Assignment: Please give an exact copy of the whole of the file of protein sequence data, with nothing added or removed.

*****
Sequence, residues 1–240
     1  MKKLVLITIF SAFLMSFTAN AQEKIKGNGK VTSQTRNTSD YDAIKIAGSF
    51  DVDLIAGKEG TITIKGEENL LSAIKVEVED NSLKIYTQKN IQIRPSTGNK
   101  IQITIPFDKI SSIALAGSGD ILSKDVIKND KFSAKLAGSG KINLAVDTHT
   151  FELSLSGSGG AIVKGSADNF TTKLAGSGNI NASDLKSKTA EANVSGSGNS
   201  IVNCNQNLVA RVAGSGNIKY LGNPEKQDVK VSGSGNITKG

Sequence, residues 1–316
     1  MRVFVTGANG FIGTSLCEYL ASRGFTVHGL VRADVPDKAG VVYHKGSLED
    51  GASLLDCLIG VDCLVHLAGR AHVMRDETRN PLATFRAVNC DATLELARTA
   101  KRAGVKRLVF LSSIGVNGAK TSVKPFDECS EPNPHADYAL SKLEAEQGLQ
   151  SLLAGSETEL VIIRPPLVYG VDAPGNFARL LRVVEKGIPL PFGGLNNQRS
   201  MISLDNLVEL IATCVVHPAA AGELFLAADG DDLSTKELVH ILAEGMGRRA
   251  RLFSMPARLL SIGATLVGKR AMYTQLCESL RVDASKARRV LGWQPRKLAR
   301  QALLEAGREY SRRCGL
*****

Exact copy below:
Sequence, residues 1–240
     1  MKKLVLITIF SAFLMSFTAN AQEKIKGNGK VTSQTRNTSD YDAIKIAGSF
    51  DVDLIAGKEG TITIKGEENL LSAIKVEVED NSLKIYTQKN IQIRPSTGNK
   101  IQITIPFDKI SSIALAGSGD ILSKDVIKND KFSAKLAGSG KINLAVDTHT
   151  FELSLSGSGG AIVKGSADNF TTKLAGSGNI NASDLKSKTA EANVSGSGNS
   201  IVNCNQNLVA RVAGSGNIKY LGNPEKQDVK VSGSGNITKG

Sequence, residues 1–316
     1  MRVFVTGANG FIGTSLCEYL ASRGFTVHGL VRADVPDKAG VVYHKGSLED
    51  GASLLDCLIG VDCLVHLAGR AHVMRDETRN PLATFRAVNC DATLELARTA
   101  KRAGVKRLVF LSSIGVNGAK TSVKPFDECS EPNPHADYAL SKLEAEQGLQ
   151  SLLAGSETEL VIIRPPLVYG VDAPGNFARL LRVVEKGIPL PFGGLNNQRS
   201  MISLDNLVEL IATCVVHPAA AGELFLAADG DDLSTKELVH ILAEGMGRRA
   251  RLFSMPARLL SIGATLVGKR AMYTQLCESL RVDASKARRV LGWQPRKLAR
   301  QALLEAGREY SRRCGL